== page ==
How people elect parliaments
Germany has a bicameral Bundestag (Federal Assembly), of which the lower house, also termed the Bundestag, is a composite assembly of approximately 598 members.
The Bundestag system, developed in the 1950s, was the first of the mixed-member proportional electoral systems.
299 local divisions are divided proportionally among the 16 German Land(states) in proportion to population. Voters cast two separate ballots, one for local division candidates and one for parties nationally. Members for these single member divisions are directly elected by the plurality voting method.
A further number of at least 299 members are allocated to parties in the numbers required such that the party composition of the whole assembly is proportional to the national total votes for each party.
The total of 598 seats are then notionally distributed among all parties that have either won more than 5% of the total national vote, or won at least 3 local member divisions.
National parties representing ethnic minorities (such as the Danish community in Schleswig-Holstein or the Sorb people in Saxony) are excused from the election threshold due to the Constitutional imperative to protect such minorities. However no party representing these peoples has won seats in recent decades.
Each seat-eligible party is allocated seats proportionally using the Sainte-Laguë/Schepers method. Each party’s seat entitlement is then distributed between the Lander in proportion to the party’s national vote results in each of the Lander. (Note that this may not result in the total number of members from each Land being proportional to the populations of each land).
Each party’s resulting entitlement of seats in each land is then awarded to specific candidates, with seats first confirmed for candidates who have won local divisions in that land, and any remaining seats filled from the party list.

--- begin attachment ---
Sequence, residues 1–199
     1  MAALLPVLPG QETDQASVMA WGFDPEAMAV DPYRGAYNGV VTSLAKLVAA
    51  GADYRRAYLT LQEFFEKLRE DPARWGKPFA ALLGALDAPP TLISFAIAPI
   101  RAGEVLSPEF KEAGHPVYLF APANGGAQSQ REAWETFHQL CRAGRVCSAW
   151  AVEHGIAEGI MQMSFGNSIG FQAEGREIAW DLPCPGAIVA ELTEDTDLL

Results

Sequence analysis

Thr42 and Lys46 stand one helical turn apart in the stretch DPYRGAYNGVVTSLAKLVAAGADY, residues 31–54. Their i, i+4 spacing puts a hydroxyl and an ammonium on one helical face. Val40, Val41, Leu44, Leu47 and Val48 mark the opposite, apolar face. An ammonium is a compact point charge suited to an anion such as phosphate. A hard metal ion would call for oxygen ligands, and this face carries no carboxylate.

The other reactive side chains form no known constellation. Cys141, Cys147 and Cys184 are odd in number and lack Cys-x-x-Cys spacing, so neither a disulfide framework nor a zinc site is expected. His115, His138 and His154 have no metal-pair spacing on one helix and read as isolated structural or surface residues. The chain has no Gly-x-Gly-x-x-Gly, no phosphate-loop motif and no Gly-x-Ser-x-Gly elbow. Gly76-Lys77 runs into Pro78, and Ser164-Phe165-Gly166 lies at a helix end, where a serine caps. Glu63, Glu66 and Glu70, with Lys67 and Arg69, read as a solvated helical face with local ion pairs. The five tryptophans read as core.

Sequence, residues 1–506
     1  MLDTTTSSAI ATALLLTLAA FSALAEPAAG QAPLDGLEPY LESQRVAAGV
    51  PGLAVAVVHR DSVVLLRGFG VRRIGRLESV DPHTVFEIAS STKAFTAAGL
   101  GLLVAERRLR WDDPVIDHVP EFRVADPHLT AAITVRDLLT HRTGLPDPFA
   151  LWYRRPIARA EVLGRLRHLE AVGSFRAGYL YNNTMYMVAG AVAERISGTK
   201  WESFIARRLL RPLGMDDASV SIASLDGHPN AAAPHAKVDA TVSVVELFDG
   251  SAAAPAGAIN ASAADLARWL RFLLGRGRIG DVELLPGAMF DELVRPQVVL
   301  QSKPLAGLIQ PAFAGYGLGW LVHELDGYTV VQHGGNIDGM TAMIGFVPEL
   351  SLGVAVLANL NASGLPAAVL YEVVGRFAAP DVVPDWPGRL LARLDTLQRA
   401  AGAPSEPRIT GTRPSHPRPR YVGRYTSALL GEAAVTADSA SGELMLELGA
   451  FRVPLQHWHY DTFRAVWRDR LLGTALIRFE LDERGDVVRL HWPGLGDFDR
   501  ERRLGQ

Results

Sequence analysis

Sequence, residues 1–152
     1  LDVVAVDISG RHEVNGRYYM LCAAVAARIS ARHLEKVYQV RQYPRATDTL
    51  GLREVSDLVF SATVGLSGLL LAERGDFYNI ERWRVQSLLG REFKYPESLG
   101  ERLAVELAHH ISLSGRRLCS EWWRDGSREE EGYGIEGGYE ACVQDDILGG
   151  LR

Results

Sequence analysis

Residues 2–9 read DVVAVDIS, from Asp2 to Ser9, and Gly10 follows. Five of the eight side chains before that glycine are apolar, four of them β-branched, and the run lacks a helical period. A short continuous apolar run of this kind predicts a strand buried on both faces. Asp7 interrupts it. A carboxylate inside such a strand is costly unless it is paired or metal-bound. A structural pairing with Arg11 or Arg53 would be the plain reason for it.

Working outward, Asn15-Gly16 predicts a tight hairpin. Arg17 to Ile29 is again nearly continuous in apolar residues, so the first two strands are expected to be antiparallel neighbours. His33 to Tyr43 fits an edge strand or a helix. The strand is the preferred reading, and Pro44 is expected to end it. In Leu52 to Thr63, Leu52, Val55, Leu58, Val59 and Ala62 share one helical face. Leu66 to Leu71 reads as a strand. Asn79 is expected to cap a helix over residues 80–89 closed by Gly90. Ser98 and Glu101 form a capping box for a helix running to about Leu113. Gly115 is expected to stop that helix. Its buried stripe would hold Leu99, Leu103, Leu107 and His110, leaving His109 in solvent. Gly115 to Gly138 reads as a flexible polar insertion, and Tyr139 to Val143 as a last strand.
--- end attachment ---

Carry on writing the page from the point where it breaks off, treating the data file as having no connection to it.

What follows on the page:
If a party has won more local divisions in a land than it is entitled to according to the calculation described above, the relevant seats (termed ‘overhang seats’) are nevertheless awarded to the local candidate and the total size of the Bundestag is increased accordingly.
In recent elections the number of overhang seats has risen as a result of the two largest parties receiving decreasing shares of the total party vote while continuing to win almost all the local electoral division seats. Following a 2011 constitutional court ruling that this result was unacceptable as a breach of equality of voter influence, an electoral rule has been adopted whereby additional party list seats are created to compensate for overhang seats, so as to ensure proportionality among the parties in the Bundestag relative to each such party’s share of the total national vote.
Candidates are entitled to nominate simultaneously for a local division and for the relevant regional list, which may (depending on the candidates’ positions on their lists) effectively mean that each of the major party candidates in a local contest are effectively assured of election, and such expectations may be held by voters as well as candidates.
Terms are up to four years
Inequality in the effective influence of voters caused by variations in Bundestag division enrolments has been significant in recent elections, with the standard deviation of variations compared to the mean enrolment being xxx% in 2013.
[nomination openness – party configurations]
[summary of results]
Inequality in the effective influence of voters caused by variations in division turnouts (formal votes) has been significant in recent elections, with the standard deviation of variations compared to the mean formal vote being xxx% in 2013.
[inequality by margins]
2013 – 2017
[data source – data completeness – anomalous contests]
[Datasets are not yet published]